Despite the importance of sharing the experience generated in each community, to build a larger organization consisting of multiple cooperating communities, there’s a problem of technological isolation which prevents the realization of these collaborative spaces, so that members of virtual communities studying conflict zones can locate, share and access the expertise of other peers. This problem is caused by the inability of technology platforms, which each community have, to federate their expertise with other communities, making it impossible to generate a cloud of communities (Chen et al, 2010).
Each technology platform stores the expertise of each community in proprietary formats, which may or may not have standardization initiatives such as SCORM (Advanced Distributed Learning).
Ie they are autonomous, heterogeneous platforms, as each one is managed by the Directors of their communities, making it difficult to generate a cloud of communities.
This work contributes to solving the problem through the presentation of a case of studying community integration and service the conflict in the region of Montes de Maria in Colombia (Figure 1), which is a region that has been the victim of conflicts of law and order for years (Abitbol & Flechas, 2008; United Nations Development Programme) making it difficult for various national and international information which contributes to the generation of strategies to support the solution of such conflicts.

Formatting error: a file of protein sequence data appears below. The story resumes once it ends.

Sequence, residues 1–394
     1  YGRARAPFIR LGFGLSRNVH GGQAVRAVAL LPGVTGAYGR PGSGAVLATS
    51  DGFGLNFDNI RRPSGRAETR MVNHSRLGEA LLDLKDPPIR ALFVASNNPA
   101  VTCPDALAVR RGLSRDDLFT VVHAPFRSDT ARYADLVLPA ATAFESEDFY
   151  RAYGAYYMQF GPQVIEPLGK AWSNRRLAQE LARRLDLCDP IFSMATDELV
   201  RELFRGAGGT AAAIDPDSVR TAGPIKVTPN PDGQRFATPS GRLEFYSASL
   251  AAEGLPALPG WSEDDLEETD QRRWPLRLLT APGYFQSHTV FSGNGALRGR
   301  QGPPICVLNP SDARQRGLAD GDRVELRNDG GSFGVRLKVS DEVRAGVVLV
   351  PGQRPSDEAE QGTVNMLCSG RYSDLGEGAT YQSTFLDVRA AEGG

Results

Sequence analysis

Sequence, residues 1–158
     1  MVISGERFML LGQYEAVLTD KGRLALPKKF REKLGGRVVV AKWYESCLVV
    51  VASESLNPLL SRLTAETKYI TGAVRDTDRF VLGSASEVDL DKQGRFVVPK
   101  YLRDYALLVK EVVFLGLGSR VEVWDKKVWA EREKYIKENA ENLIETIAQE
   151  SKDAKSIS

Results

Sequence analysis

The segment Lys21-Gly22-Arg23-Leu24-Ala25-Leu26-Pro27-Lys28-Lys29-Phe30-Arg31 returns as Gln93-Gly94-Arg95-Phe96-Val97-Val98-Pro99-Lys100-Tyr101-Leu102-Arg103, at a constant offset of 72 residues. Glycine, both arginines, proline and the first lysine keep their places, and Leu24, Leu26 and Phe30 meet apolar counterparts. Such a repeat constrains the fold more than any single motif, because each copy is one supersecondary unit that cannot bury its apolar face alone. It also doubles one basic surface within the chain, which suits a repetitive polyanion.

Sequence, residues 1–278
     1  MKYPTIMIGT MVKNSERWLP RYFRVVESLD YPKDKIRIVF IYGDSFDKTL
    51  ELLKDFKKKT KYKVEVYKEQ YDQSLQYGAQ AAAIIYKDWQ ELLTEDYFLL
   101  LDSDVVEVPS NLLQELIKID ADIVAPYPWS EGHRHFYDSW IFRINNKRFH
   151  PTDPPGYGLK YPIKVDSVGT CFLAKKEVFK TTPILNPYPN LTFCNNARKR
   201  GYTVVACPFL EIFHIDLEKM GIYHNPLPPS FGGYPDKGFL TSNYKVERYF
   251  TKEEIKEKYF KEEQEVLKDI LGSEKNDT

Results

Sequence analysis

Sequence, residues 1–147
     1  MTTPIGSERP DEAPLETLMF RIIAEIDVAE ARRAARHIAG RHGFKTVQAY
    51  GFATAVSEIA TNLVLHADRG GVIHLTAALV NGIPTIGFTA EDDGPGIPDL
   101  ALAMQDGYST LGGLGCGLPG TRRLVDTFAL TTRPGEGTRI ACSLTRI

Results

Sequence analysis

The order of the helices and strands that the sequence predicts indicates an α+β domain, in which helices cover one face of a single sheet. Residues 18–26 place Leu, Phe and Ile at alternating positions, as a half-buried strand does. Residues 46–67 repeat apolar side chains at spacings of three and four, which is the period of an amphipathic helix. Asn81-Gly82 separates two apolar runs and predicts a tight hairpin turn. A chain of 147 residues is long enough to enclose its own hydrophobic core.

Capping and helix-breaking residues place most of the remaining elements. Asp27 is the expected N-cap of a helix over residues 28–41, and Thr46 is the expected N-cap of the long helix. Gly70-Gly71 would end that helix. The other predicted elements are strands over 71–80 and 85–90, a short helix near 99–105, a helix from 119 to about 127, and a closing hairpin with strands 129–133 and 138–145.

Figure 1. Montes de María (Colombia)
The paper proposes a conceptual model that enables the integration of different communities who have expertise that many communities that study the conflict in the Montes de Maria have. Mobile devices are used as sensors agents (Ying & Ling & Latif, 2011; Hii & Chung, 2011) that allow each of the members of various communities to identify their respective positions in the territory, access relevant information according to location and continue capturing territorial information, becoming members of the communities in the cloud in sensor nodes communities.